Photo: Alex Mitchell
City Council committees on Health, Education, and Public Housing join for a group hearing regarding ongoing lead issues in NYC.

Last year, almost 4,000 children were diagnosed with elevated blood lead levels in New York, with much of the exposure happening in public schools and public housing, according to members of the City Council.

The City Council held a special hearing on how the city has handled lead-based issues on Wednesday.

Speaker Corey Johnson said that the city’s ongoing issue with lead exposure — particularly from paint in NYCHA and other public housing and from water fountains at schools — comes from how the problem has been addressed by city agencies like the Departments of Health and Mental Hygiene, Education, and Housing Preservation and Development.

“Our law is only as good as the enforcement,” Johnson said.

South Brooklyn Councilman and Education Chair Mark Treyger agreed, stating that the DOE is flunking at monitoring lead based contaminants in city schools.

“Recent reports suggest these protocols were inadequate,” he said about the city’s preventative approach to lead as a whole. Nearly 18,000 city classrooms have been reported to contain lead in some way, he said.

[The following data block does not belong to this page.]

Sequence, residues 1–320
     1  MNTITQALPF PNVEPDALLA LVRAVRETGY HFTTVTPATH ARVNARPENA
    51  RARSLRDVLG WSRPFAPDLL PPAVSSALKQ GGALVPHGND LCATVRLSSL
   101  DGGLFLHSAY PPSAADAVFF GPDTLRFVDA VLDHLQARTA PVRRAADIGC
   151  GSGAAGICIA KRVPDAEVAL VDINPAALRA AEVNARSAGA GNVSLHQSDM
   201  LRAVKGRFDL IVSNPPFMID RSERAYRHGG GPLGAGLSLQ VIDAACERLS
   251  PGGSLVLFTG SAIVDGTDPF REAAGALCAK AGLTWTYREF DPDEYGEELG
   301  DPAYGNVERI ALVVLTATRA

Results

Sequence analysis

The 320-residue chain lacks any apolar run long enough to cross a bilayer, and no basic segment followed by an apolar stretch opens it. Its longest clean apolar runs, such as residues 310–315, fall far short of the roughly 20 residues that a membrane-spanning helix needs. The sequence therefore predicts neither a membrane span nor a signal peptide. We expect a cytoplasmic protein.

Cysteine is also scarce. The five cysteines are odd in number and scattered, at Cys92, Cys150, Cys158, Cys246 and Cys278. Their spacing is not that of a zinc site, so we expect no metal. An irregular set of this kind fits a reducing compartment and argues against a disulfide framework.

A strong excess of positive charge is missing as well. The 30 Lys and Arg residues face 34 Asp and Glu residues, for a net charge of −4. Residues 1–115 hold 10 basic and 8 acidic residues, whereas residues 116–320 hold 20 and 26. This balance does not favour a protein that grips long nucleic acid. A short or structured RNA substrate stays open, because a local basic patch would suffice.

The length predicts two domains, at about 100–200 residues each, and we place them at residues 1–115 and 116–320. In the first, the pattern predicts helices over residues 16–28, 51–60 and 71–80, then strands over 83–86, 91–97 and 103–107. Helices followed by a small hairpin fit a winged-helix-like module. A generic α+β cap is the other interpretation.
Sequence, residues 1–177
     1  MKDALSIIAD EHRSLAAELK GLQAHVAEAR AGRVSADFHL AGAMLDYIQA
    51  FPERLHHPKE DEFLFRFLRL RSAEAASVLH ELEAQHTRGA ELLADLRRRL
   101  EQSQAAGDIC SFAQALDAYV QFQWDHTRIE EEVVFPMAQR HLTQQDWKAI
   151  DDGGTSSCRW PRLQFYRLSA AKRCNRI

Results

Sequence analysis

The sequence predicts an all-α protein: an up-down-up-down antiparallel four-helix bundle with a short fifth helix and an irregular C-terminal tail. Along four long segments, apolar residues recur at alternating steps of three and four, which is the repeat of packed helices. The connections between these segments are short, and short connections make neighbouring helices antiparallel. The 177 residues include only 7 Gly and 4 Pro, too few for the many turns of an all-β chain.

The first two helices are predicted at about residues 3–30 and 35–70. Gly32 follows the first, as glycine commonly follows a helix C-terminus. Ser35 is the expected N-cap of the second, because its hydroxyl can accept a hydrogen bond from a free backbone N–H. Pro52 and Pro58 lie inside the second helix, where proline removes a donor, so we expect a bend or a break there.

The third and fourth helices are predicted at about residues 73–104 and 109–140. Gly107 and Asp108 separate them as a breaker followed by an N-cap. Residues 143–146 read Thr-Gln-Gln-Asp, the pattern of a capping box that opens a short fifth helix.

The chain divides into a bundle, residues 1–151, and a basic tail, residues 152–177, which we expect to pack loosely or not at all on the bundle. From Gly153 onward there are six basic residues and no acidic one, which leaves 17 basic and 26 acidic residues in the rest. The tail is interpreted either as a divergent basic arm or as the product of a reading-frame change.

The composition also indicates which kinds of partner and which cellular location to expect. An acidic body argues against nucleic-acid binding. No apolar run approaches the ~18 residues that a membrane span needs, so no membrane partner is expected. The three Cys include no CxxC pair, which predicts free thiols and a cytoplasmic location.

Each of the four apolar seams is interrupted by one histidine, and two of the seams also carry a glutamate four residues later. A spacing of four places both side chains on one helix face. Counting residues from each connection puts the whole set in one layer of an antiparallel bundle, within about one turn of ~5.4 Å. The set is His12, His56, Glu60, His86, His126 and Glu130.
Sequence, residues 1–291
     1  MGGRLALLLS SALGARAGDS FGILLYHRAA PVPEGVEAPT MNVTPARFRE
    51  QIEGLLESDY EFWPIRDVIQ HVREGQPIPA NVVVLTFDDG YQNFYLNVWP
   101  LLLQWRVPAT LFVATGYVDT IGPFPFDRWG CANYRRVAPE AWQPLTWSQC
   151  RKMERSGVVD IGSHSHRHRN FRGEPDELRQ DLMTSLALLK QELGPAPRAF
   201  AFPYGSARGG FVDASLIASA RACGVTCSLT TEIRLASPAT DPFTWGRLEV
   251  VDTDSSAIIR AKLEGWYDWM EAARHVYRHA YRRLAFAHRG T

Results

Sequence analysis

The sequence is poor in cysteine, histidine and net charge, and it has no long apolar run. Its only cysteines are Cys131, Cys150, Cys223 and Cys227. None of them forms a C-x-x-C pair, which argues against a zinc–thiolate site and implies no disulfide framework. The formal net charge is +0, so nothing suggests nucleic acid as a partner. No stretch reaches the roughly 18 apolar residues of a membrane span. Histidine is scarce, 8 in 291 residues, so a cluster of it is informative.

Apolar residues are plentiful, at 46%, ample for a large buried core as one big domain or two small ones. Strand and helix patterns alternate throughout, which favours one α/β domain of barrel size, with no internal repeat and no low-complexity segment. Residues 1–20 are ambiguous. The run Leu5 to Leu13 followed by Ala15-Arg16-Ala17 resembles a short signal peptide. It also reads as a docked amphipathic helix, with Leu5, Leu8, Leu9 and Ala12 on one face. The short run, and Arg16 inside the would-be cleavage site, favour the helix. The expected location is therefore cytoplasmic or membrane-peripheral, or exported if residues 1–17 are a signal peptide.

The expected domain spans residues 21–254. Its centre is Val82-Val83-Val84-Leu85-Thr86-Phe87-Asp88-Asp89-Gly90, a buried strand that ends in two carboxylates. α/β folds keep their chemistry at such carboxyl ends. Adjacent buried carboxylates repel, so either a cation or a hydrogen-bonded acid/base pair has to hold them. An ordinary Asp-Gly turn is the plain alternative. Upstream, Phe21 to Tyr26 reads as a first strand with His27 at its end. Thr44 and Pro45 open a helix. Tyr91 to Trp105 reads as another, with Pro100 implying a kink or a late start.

From a developmental perspective, DOH Commissioner Oxiris Barbot said that symptoms of elevated blood levels in children can even effect language development, along with a varied “debris of symptoms.”

“There is no safe level of lead in the blood,” said Councilman and Health Committee Chair Mark Levine, noting that exposure to lead based paints disproportionately affects low-income families and communities of color.

Meanwhile, AnnMarie Santiago, the HPD deputy commissioner for Enforcement and Neighborhood Services, said that the organization issued about 13,000 violations for peeling lead-based paint and similar contaminants since the council’s last meeting on the subject in 2018.

“We need to come down on [landlords] with a ton of bricks,” Johnson said about those who aren’t complying with the city’s lead prevention protocol.

One of those protocols, more commonly known as LeadFreeNYC, just launched its newest anti-lead campaign earlier this month, according to testimony by Department of Sanitation Commissioner Kathryn Garcia.

The DSNY boss discussed NYCHA’s $101 million initiative to test over 134,000 apartments for lead-based paints by the end of 2020 along with similar ones that target lead-based, dangerous consumer products — another leading cause of lead contamination in children.

She continued to note a near 10 percent drop in city children reported with elevated blood lead levels, though that minor victory didn’t win over the speaker, who sharply criticized testimonies from the agencies at hand.

“There are thousands of children being poisoned in New York City,” he nearly shouted, expressing his lack of confidence in the agencies’ testimonies that didn’t identify the exact number of children that suffered from lead exposure. “Our work is far from done.”

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